1. The commentator who posted the Arar link notes that the same thing happened to Polish farmers during the German invasion of 1939. There is a film of this with actual footage that shows removal and installation of German farm family all in one day with them living and dinning in their new farm house that night. This is chilling, heartless and evil.

      America may be producing more food than we can consume but many of these farmers are generations deep. I don’t agree with taking tax payer money to throw at a problem you create but I do think we have to respect how hard farming is.

      Which raises the question. How can trump unilaterally shift tax dollars like this without going through the legislative process?

  4. I was thinking of some of Chris’ past columns when I read this:

    My favorite snarky comment on the mess Alabama’s put itself into- If a doctor performing an abortion on a 13 year rape victim can get far more time in prison than the actual rapist, then yes, the GOP is waging a war on women.

    1. “When it comes to poor white Trump-voting areas, the right wants these communities to die out because they’re economically worthless and unproductive. The left wants them to die out because they’re racist, sexist, and morally backwards.”

      I’m not personally wishing death on them, but I’ve washed my hands of them because too many of them put hurting other people over helping themselves. There is no constructive communication to be had with them until they can admit to how they are getting played here. Helping yourself is a choice you have to make yourself.

  5. How do republicans still seeking relevance comment about the problems being caused to the American people by trump’s heavy-handed (read that as “bullying “) tactics ?
    They deflect because they don’t have the courage to call it like it is. The emperor has no clothes but there is not one republican who is willing to say so.

    Poor, pitiful Little Marco. He is, indeed.

    1. Republicans understand trump is a despicable person whose obnoxious behavior is so shocking that it cows those who don’t know how or want to get in the gutter with him. Such was the the analysis of a former economic adviser of GWB who said it might work to their advantage just the same. Expect more “look the other way” behavior from republicans. Why? As last no as Trump is willing to be the bad guy in exchange for power and glory, the party will continue to look the other way. Don’t look for them to utter a peep.

  6. We are living among such selfish, short-sighted (aka “willfully stupid “) people who know how to seize control in politics to achieve their end goal….Regardless how it may impact others and the future. All in the name of paying fewer taxes. There is no concept of “the common good” in the republican domain.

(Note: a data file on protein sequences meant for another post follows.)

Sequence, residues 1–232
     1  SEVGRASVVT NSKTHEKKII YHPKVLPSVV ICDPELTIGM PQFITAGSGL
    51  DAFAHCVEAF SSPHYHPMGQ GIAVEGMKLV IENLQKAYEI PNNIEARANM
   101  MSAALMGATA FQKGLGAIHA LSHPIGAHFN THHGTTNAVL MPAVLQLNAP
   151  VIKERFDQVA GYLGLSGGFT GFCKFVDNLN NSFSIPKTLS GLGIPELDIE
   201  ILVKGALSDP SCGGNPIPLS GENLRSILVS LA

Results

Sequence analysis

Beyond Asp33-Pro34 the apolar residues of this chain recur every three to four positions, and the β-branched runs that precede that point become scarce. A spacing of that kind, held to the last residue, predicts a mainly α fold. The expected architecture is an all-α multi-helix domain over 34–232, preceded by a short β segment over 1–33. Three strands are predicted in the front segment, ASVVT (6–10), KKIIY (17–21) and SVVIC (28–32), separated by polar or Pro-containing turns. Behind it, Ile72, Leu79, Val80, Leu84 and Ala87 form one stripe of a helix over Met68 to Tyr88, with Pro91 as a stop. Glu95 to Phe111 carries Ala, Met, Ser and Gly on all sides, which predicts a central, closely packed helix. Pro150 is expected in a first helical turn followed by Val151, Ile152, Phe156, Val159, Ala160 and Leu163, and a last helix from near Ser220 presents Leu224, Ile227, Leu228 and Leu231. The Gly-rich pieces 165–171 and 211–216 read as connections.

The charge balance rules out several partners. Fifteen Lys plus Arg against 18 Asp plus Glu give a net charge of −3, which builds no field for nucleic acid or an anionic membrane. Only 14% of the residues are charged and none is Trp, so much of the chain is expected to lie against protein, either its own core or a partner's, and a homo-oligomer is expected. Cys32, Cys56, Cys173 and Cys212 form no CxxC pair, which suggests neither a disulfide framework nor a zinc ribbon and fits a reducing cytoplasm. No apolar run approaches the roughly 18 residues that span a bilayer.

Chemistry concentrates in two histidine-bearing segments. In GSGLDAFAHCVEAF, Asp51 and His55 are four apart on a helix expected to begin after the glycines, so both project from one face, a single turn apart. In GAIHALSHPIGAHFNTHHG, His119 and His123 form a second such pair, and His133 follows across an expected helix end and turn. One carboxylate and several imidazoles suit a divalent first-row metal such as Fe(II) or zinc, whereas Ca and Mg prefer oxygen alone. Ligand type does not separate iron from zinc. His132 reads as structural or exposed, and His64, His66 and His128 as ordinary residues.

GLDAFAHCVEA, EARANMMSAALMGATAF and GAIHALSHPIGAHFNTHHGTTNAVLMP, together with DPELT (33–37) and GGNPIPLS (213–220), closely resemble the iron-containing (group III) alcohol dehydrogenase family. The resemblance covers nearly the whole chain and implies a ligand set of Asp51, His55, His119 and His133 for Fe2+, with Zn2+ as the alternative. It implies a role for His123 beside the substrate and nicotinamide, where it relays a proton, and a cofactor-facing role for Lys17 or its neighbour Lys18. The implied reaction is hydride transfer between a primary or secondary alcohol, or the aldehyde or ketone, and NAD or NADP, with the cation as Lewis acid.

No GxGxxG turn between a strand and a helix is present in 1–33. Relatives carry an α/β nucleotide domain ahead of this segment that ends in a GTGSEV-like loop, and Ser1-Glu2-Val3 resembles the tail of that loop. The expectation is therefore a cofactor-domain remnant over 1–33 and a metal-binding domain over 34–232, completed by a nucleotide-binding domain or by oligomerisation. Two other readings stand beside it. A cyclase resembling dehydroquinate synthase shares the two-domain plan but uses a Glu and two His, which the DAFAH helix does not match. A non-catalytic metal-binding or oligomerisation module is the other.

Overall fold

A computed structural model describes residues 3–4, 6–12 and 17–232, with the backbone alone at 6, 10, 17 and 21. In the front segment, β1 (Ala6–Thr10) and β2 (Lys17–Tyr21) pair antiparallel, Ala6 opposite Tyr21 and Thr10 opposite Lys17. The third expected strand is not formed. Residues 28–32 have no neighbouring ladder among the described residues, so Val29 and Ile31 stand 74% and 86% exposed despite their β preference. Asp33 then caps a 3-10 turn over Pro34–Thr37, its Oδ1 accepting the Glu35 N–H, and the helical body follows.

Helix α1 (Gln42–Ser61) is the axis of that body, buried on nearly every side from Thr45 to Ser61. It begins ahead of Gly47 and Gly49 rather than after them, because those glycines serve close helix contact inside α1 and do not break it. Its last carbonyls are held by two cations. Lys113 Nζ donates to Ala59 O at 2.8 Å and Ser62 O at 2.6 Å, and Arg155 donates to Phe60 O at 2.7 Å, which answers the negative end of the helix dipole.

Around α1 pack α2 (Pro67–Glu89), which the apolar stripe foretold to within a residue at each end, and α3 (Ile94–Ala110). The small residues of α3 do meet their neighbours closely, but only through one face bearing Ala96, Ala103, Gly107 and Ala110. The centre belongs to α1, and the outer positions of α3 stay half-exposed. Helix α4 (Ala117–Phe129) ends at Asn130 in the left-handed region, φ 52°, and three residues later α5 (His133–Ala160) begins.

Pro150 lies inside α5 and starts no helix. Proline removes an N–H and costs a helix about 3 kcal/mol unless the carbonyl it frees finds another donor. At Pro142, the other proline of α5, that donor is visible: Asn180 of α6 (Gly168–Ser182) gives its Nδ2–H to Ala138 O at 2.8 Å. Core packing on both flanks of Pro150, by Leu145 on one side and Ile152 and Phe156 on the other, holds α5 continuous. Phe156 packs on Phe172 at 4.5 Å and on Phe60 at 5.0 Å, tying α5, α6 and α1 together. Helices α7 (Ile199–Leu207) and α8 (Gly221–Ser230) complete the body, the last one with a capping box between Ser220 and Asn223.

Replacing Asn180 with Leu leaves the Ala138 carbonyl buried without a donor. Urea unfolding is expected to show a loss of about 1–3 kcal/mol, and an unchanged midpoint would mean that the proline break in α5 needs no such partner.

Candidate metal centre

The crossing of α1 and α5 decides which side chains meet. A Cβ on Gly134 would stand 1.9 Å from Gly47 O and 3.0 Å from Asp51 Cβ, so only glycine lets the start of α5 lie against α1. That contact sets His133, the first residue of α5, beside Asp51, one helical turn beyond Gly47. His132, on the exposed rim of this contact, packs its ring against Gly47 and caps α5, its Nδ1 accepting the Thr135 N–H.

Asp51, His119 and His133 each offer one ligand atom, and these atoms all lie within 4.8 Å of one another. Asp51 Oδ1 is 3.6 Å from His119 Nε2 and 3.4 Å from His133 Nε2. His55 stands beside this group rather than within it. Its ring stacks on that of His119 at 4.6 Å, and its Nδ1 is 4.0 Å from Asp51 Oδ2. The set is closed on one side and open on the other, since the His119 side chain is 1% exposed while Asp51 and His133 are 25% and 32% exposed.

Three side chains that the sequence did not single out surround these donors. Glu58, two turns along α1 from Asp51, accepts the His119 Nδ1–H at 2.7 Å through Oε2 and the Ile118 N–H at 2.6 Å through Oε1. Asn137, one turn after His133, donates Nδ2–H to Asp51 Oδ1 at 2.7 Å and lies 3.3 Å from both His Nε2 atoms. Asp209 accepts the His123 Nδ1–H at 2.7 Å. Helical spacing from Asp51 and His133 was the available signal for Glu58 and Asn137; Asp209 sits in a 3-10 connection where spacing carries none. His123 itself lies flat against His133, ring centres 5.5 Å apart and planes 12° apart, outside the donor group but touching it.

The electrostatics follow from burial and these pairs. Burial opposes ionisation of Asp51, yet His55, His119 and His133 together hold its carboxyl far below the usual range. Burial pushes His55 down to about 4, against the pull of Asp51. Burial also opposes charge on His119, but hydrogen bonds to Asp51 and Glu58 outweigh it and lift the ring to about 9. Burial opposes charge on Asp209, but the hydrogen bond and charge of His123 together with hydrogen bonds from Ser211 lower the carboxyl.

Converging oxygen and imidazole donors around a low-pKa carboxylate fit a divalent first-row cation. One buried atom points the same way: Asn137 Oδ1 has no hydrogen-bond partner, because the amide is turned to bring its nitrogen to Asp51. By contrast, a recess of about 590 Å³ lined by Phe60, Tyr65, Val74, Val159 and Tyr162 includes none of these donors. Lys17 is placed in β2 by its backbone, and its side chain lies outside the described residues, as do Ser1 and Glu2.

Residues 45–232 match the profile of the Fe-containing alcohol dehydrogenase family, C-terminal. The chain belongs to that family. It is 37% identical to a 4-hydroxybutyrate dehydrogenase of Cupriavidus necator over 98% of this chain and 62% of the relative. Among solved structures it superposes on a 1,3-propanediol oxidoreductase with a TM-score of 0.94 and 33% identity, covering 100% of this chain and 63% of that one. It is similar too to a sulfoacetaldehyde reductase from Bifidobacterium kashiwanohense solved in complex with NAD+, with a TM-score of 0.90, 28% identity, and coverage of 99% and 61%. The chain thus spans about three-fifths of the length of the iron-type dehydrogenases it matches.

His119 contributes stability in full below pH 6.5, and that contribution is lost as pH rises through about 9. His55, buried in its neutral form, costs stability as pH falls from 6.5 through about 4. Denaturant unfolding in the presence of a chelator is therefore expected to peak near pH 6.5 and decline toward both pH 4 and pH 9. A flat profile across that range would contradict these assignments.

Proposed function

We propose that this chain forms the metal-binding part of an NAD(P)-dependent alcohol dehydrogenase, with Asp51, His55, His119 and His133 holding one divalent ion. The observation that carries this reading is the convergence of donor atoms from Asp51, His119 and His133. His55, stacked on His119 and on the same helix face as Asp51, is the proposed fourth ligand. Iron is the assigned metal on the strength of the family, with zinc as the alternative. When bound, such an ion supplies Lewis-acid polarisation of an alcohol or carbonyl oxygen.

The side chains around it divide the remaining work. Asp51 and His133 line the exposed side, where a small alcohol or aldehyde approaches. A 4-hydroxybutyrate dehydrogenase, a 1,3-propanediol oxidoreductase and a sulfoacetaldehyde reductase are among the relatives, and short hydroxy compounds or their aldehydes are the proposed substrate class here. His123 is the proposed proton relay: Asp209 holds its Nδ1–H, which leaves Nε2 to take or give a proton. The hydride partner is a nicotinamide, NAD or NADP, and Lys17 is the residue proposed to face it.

Here is a prime example. Not only did this selfish group of conservatives throw out a very good and environmentally responsible water conservation plan, but they put themselves and others downstream in harms way for subsidence and flooding.

    How can underground water be considered “private property “? How can aquifers that occur naturally be private property? These republican groups got their way and that’s all they care about. All of these communities are wealthy. They’re also very short-sighted and selfish.

    Their illogic is repeated across a wide range of issues: from women’s rights, gun rights, healthcare, the environment and the rule of law – the latest victim in their greedy grasp for more power. It’s sickening.

    1. So you’re saying that markets improve outcomes? Couldn’t agree more.

      I am curious though how the government was able to pull this off, and whether they can stand up to continuing pressure. All the things you’d expect seem to be happening, as smaller farming operations die off and larger, more technologically advanced farms take their place. Have farmers there just lost their political pull?

  7. I listened to a fascinating interview of David Wells on his new book, “Uninhabitable Earth” which looks at the impact climate change is going to have on all aspects of our lives – globally. Every aspect from farming, transport, construction and more will be altered.

    An example of this shift is already happening in alternative energy in its inexorably march to shift from fossil fuels.

  8. In ‘Democracy In An Age Of Transience’ you discussed how rural towns, many of them being the kind with subsidized family farms, are shrinking and dying out. You posited Universal Basic Income and Universal Healthcare as solutions to enable those places to be genuinely livable, alongside enabling low-skill immigrants to move there: